Does anyone remember the days when “libertarians” spent their time arguing the merits of government contracting? That it would be more efficient, cheaper, and provide “better service” to have “private contractors” do the same jobs that “civil servants” are currently paid to do? (Maybe there are “libertarians” who still passionately argue these points, I don’t know.)
The Sunday New York Times ran a lengthy story that ought to put paid to any notion that “private firms” contracting with the government can do government’s work cheaper, better and faster:
Without a public debate or formal policy decision, contractors have become a virtual fourth branch of government. On the rise for decades, spending on federal contracts has soared during the Bush administration, to about $400 billion last year from $207 billion in 2000, fueled by the war in Iraq, domestic security and Hurricane Katrina, but also by a philosophy that encourages outsourcing almost everything government does.
Contractors still build ships and satellites, but they also collect income taxes and work up agency budgets, fly pilotless spy aircraft and take the minutes at policy meetings on the war. They sit next to federal employees at nearly every agency; far more people work under contracts than are directly employed by the government. Even the government’s online database for tracking contracts, the Federal Procurement Data System, has been outsourced (and is famously difficult to use).
And there’s this, in reference to a CACI contract that hired six people to review other pending federal government contracts:
The price of $104 an hour — well over $200,000 per person annually — was roughly double the cost of pay and benefits of a comparable federal worker, said [Scott Amey of the Project on Government Oversight].
And then there’s this description of the explosion of contracting:
But the recent contracting boom had its origins in the "reinventing government" effort of the Clinton administration, which slashed the federal work force to the lowest level since 1960 and streamlined outsourcing. Limits on what is "inherently governmental" and therefore off-limits to contractors have grown fuzzy, as the General Services Administration’s use of CACI International personnel shows.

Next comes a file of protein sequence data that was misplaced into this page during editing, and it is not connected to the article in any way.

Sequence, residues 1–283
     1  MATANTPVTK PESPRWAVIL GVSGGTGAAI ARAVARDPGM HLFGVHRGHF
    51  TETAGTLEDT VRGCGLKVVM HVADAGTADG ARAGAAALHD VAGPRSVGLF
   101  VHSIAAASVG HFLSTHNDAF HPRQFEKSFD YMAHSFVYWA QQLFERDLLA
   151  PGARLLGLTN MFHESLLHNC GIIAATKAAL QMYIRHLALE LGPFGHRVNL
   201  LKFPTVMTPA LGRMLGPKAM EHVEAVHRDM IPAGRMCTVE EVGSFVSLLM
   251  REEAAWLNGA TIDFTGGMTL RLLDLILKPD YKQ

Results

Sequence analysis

Oh, and there’s this, which is absolutely precious:
"This is the new face of government," [said Stan] Soloway [president of the Professional Services Council, an Arlington, Virginia-based group which lobbies on behalf of government contractors.] "This isn’t companies gouging the government. This is the marketplace."
No, Stan, it isn’t. There is no “marketplace” for government services because there is no marketplace for government. The state maintains a legal monopoly on force and the provision of whatever “services” it decides only it can provide. It doesn’t make any difference if civil servants or “private” contractors do that work if government gives itself the legal monopoly on “service” provision. Monopoly, and only monopoly, is the problem.
There is no virtue in reducing the number of civil servants — government workers — if the role, function and jobs of government are not only not reduced, but actually expanded. Which is what has happened in the Clinton and Bush Jong Il years. Contracting also creates whole “businesses” completely dependent on taxpayer dollars — legal theft and lawful coercion — businesses that then specialize not in the making and selling of products, but in lobbying legislators for ever more business. Businesses that specialize in taking from you and me. According to the New York Times piece, Lockheed Martin is the biggest federal contractor, making more from contracts than the federal budget allocates to either the Departments of Justice or Energy. Can any of us walk into a Wal-Mart and buy something — anything — made by Lockheed Martin? Would we even want to?
Then why must we be forced to buy “services” from Lockheed Martin?
The only way to reduce the costs of government is to reduce government. And the only way to do that is to end the state’s monopoly. On everything.